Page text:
Last time we spoke, we ventured through the 30’s and learned of legends who are still remembered and spoken of today. We ended with discussing the meaning of, “Original Six.”
WORLD WAR II LEAVES TALENT THIN
After World War II in the 1945-1946 season, the stars returned with Dit Clapper to lead the Bruins back to the Stanley Cup Final as Player-Coach. In doing so and retiring after the following season, Clapper became the first Bruin to play 20 NHL Seasons, then continued as Coach for two more years.
With more star players retiring the following few years after World War II, Frank Brimsek being traded to the Chicago Blackhawks in 1949, not much got better for the Bruins. It got worse with Don Gallinger’s lifetime ban from the NHL.
Don Gallinger was a Bruins Star Player beginning in 1942. Talented in many sports, Gallinger had regularly gotten offers from the Boston Red Sox and Philadelphia Phillies. In junior hockey, his friend, Hockey Hall of Famer, and teammate, Teeder Kennedy, and himself were talented football players as well.
As a natural scorer, Gallinger was voted third for the Calder Rookie of the Year Award. He was also a member of Bruins‘, “Sprout Line,” with Bill Shill and Bep Guidolin. Don then missed a large part of the 1943-1944 season and all of the 1944-1945 season while serving in the Royal Canadian Air Force.
Upon Gallinger’s return in the 1945-1946 seasons, he led the Bruins in points. The same season, finishing second in the NHL, the Bruins went on to the Stanley Cup Finals, losing to the Montreal Canadiens.
In 1948, Don Gallinger and teammate, Billy Taylor, were found guilty of gambling on their own team and was banned from the NHL for life by then-NHL President, Clarence Campbell.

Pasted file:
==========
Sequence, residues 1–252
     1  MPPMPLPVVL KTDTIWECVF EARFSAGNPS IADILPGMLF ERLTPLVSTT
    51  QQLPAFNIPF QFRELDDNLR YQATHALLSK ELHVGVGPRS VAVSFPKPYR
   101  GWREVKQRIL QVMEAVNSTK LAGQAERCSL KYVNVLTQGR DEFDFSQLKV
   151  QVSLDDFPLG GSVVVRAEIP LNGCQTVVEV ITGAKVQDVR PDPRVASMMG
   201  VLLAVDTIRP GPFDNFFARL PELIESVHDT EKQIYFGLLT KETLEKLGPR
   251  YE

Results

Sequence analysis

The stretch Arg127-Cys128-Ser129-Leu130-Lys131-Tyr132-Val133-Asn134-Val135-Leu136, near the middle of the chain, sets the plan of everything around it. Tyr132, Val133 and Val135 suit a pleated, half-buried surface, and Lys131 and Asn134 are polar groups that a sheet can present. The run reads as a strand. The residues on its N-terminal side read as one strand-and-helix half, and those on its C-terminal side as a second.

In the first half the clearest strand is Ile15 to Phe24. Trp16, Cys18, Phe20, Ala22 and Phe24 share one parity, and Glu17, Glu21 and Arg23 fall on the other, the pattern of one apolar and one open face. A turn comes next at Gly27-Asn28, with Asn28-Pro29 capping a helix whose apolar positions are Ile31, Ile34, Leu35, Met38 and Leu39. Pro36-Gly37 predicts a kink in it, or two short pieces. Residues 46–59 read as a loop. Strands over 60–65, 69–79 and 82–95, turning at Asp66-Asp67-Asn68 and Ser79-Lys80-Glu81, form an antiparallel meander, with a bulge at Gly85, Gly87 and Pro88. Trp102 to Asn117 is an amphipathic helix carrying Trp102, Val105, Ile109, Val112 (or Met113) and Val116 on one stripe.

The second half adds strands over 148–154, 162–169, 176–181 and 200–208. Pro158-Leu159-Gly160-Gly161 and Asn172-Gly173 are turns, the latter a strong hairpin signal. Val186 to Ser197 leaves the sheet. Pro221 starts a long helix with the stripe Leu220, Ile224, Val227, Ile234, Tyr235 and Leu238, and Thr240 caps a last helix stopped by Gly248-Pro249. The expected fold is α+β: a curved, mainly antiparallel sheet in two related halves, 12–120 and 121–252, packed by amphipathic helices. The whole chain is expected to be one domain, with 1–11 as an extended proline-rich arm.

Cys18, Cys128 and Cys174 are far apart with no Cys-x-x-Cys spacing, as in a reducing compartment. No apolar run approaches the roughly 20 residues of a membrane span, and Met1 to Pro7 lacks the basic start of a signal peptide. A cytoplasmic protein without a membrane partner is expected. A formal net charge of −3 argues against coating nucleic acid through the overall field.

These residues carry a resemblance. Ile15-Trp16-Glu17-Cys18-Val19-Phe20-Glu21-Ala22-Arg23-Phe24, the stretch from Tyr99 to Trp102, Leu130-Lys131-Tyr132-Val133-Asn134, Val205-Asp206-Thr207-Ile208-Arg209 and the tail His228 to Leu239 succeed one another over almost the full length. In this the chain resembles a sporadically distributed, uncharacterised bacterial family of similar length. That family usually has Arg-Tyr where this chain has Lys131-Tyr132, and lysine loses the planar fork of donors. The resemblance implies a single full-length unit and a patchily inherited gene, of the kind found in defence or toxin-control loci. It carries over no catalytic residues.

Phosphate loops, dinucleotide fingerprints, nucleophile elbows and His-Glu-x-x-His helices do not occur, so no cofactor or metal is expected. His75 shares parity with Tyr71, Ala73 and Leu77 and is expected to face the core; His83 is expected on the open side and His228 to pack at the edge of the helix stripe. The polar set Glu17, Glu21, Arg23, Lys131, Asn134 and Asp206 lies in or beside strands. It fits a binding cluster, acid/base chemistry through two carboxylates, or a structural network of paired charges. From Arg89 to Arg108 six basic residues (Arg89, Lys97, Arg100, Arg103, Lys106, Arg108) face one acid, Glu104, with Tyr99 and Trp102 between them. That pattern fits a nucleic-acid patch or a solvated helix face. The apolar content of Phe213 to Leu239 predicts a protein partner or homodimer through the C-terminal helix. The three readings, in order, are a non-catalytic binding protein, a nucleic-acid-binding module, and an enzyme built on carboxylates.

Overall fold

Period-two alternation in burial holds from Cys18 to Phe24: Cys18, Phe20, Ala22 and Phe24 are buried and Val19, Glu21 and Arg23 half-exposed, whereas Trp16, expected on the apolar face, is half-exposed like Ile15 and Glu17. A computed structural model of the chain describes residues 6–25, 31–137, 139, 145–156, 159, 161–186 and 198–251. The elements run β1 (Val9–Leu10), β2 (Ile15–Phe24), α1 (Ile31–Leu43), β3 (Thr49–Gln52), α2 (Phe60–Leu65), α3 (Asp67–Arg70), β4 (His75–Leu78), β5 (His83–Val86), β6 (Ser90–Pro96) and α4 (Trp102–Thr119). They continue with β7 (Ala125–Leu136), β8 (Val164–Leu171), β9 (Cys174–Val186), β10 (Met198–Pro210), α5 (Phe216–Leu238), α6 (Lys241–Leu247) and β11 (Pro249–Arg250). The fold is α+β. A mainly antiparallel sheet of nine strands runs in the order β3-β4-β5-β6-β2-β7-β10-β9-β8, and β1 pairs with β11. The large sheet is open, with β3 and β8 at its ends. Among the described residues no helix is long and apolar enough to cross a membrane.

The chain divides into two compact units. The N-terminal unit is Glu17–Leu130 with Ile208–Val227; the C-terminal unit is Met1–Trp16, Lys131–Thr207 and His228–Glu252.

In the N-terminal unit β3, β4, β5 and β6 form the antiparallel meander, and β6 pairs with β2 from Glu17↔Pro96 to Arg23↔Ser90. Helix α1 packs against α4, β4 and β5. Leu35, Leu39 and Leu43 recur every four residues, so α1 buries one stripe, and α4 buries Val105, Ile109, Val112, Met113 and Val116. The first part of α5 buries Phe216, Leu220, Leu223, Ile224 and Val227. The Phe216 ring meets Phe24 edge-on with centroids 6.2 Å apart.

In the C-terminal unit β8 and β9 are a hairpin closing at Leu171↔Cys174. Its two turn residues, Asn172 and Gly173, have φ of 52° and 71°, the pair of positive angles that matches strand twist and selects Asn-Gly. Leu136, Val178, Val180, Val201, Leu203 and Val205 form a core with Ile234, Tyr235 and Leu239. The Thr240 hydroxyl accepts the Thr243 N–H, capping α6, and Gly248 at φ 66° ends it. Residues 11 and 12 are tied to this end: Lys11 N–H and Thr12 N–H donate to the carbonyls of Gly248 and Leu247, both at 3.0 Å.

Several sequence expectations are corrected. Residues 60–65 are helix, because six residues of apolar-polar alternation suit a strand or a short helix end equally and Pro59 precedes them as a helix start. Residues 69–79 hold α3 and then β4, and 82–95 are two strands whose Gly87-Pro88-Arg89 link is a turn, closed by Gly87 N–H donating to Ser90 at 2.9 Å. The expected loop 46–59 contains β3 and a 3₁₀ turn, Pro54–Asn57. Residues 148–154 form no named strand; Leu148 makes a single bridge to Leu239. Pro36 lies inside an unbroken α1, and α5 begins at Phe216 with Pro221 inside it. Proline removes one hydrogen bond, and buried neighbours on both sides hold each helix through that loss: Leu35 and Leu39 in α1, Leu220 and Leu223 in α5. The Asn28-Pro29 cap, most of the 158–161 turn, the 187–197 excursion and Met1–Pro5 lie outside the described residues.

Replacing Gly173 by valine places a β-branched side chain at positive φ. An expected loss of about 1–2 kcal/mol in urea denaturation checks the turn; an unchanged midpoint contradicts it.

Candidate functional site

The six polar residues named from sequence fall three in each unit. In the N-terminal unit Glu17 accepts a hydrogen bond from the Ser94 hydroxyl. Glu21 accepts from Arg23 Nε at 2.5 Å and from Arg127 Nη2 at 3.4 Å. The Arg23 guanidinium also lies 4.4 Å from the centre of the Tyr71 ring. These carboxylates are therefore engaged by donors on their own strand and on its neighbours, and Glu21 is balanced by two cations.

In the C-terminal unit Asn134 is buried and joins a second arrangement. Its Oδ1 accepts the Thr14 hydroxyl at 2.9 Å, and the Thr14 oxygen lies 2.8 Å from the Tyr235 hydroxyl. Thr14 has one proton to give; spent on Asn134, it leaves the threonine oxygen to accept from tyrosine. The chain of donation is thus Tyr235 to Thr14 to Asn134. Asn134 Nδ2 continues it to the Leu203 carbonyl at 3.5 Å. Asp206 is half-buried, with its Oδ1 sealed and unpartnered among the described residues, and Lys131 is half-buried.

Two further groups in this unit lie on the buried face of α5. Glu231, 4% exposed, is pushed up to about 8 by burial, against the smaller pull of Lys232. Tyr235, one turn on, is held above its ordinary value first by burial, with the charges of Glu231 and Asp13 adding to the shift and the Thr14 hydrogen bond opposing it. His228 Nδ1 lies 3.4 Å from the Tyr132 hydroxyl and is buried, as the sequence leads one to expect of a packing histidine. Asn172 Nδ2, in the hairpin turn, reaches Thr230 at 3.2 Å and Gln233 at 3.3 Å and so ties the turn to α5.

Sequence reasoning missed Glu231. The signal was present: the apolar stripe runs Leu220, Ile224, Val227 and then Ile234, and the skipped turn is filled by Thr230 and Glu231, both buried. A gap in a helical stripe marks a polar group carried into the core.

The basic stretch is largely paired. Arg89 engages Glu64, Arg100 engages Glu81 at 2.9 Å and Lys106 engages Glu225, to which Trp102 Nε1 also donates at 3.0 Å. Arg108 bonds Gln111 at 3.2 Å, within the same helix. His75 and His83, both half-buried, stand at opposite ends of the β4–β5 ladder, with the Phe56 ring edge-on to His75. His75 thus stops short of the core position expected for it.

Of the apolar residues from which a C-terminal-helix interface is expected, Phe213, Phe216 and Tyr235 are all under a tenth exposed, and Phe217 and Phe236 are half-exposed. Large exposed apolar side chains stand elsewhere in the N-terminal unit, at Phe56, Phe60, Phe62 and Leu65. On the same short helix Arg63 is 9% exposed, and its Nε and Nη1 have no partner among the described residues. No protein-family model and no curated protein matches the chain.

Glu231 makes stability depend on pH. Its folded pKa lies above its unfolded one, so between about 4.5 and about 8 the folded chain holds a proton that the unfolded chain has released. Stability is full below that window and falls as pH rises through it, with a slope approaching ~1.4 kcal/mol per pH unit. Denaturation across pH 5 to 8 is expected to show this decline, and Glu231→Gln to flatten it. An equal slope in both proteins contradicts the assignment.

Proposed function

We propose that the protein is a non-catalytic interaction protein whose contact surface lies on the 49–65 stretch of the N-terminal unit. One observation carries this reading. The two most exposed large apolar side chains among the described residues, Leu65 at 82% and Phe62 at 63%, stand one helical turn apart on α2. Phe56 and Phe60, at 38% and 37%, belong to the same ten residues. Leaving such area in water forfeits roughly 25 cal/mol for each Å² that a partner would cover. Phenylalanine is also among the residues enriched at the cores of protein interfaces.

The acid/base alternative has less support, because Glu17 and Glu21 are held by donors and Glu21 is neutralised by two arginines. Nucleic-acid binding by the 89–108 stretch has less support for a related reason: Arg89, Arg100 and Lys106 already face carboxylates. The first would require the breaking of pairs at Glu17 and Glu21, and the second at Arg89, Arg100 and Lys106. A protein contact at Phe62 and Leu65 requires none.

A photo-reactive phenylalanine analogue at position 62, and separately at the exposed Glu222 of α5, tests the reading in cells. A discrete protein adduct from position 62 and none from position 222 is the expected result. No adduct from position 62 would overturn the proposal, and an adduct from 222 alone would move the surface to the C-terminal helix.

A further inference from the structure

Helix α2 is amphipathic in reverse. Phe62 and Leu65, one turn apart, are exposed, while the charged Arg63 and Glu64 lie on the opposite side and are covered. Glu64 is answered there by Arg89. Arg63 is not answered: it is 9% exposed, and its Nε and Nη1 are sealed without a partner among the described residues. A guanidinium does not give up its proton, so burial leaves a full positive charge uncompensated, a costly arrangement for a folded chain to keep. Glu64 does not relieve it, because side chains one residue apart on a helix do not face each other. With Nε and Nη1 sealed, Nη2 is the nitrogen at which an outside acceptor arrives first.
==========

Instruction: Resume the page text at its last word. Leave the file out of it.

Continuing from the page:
In 1970, the bans on Gallinger and Taylor were lifted, and remain the longest suspensions in NHL History.
With Don Gallinger and the Sprout Line as a younger rendition of Boston’s famous, “Kraut Line,” elsewhere on the ice, you would find Johnny Peirson, who during his career would put away 153 goals with 173 for 326 in 545 games.
Peirson retired from play in 1958, after playing in the NHL All-Star Game in 1950 and 1951. Following his retirement, Johnny became a well-known broadcast color analyst for the Bruins. First with Fred Cusick on WBZ Radio, then went on to Television with Don Earle initially, then many years with Cusick.
HISTORIC DETAILS TO BRAG ABOUT
After Charles Adams’ son, Weston, was forced to accept a buyout from Boston Celtics and Boston Garden owner, Walter A. Brown, due to financial trouble, the Bruins struggled for success, having only four winning seasons between 1947 and 1967.
The season prior in 1950, the famed Bruins logo, the “Spoked-B,” entered its almost final form (with the exceptions of proportion changes) until the 1993-1994 season.
A few years later in 1954, with hockey and technology becoming more advanced, a demonstration was held for the Boston Garden Management by Robert Skrak, assistant to Frank Zamboni. The demonstration held was for an early model ice-resurfacing machine, later to be known as a, “Zamboni.”
As a result, the Bruins became the first NHL team in history to acquire a Zamboni for their own use. The Bruins‘ Zamboni “Model E,” Serial# 21, was in use all the way up through the 1980’s and is now on display in Toronto at the Hockey Hall of Fame.
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